American organization dedicated to improving the quality of architectural education. Incorporated in 1916 by the architect Lloyd Warren (1867–1922), the Beaux-Arts Institute of Design (BAID) was an outgrowth of the Society of Beaux-Arts Architects (SBAA; 1894–1942) established by his brother Whitney Warren (1864–1943) with Thomas Hastings and Ernest Flagg who had all studied at the Ecole des Beaux-Arts in Paris and were nationally recognized American architects. BAID was dedicated to the improvement of architectural education by providing a centralized location for the distribution and judging of design problems. Architecture schools and private ateliers located throughout the United States developed projects based on the programs created by BAID. The student work was then sent to the headquarters in New York to be judged. An award system of medals and mentions cited the work considered most deserving by the jury of distinguished architects. The award winning projects published in ...
Elizabeth Meredith Dowling
Marisa J. Pascucci
Terms applied to painters who had studied at either of the two academies in Germany where numerous American artists sought painting instruction. In the mid-19th century some of America’s most esteemed artists studied at the German art academies in Düsseldorf and Munich. By the end of the 19th century hundreds of American artists in search of the latest artistic styles and techniques were working and training at both academies.
The Düsseldorf school of painting refers to a group of painters who taught or studied at the Düsseldorf Kunstakademie (now the Staatliche Kunstakademie Düsseldorf) between the 1830s and the 1860s. During this time the Kunstakademie was held in high esteem throughout Europe and the USA. Rather bohemian in direction, days were filled with classes in drawing and color and also history and anatomy, with nights devoted to socializing centered around reading and discussion. Directed by the painter Schadow, (Friedrich) Wilhelm and artists following the ...
Person subjecting his or her body to an artist’s observation. A tradition of working from living models, begun in Classical times, was revived in Europe in the Renaissance and was an important feature of academic practice until the 20th century.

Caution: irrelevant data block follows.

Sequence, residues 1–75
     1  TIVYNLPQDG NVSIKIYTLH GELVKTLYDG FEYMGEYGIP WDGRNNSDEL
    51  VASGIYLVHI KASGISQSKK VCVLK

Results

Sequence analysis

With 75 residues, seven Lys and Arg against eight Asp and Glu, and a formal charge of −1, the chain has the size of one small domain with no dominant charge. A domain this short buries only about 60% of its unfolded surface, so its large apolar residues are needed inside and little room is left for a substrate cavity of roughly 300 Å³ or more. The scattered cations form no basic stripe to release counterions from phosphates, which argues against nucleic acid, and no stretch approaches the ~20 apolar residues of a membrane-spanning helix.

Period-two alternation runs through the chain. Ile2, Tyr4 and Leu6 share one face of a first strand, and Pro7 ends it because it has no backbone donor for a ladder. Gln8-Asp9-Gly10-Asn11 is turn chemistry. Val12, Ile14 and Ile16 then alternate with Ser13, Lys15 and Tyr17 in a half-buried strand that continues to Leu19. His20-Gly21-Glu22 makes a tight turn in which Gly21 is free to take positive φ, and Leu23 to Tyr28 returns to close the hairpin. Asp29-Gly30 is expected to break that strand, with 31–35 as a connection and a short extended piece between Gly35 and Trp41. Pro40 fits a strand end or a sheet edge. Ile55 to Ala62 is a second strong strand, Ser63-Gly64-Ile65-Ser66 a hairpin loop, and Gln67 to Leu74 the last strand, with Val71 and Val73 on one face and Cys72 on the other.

The model, in the academic sense, was from its inception until the 19th century synonymous with the male figure. The earliest recorded reference to artists’ models comes from Pliny the elder, who states that ‘nude statues holding a spear’ were ‘modelled after young men in the gymnasium’. But earlier than this, Greek sculptors had drawn on empirical observation and imitation of the nude male, using the individual as the basis for the construction of an aesthetic ideal. Polykleitos, for example, whose system of proportions for the human figure was embodied in a treatise (the Canon) and a statue (the Doryphoros, late 5th century
American family of Philadelphia printmakers, printers, painters, and educators. John Sartain and his children, Emily and William, played an important role in the art world of Philadelphia for over a century. Their influence on American art lies primarily in the impact of their work example and leadership on others, and somewhat less from the value placed on their own artistic output. The patriarch, John Sartain (b London, 24 Oct 1808; d Philadelphia, PA, 25 Oct 1897), arrived in Philadelphia at the age of 22. By 1850 he was the city’s premier engraver of illustrations for a wide range of publications. His brilliant mezzotint engravings, often reproducing the work of others, brought graphic art into the homes of all classes. Reproductive engravings, either framed or in books, were widely popular before the advent of photography. Many writers promulgated the display of such prints as a means to refine and enlighten society. Sartain’s most successful endeavours in this field were his large and elaborate framing prints, commissioned by painters, collectors, and publishers to disseminate important works. The finest of these is ...
Artist’s place of work. The term is also used to define the work of an artist’s assistants or followers.
In the most straightforward sense, a studio is the place where an artist works, its nature determined by the practical needs of production: adequate light by which to see and space in which to create the work of art. Subsequent activities (e.g. storage, display, and sale) and related activities (e.g. training) may also be considerations. Since work in a studio might involve a whole range of artistic practices, often each with several different processes, separate areas of work are required. There has always been some difference between the needs of painting and of sculpture, for example the latter’s requirement of distinct areas for modelling in clay and in plaster, for casting in metal, and for carving in wood and various types of stone. The processes involved in creating a painting require the preparation of drawing implements, paints, wood panels or canvases, and frames; these are all carried out within the studio, but can take place within one large room. On the other hand, a stained-glass studio (whether medieval or 19th century) might have employed many people, who remained segregated within specialist activities, which were carried out in separate areas under the same roof. Although a studio thus implies a specific space reserved for artistic activity, in the medieval period, because so many works were carried out ...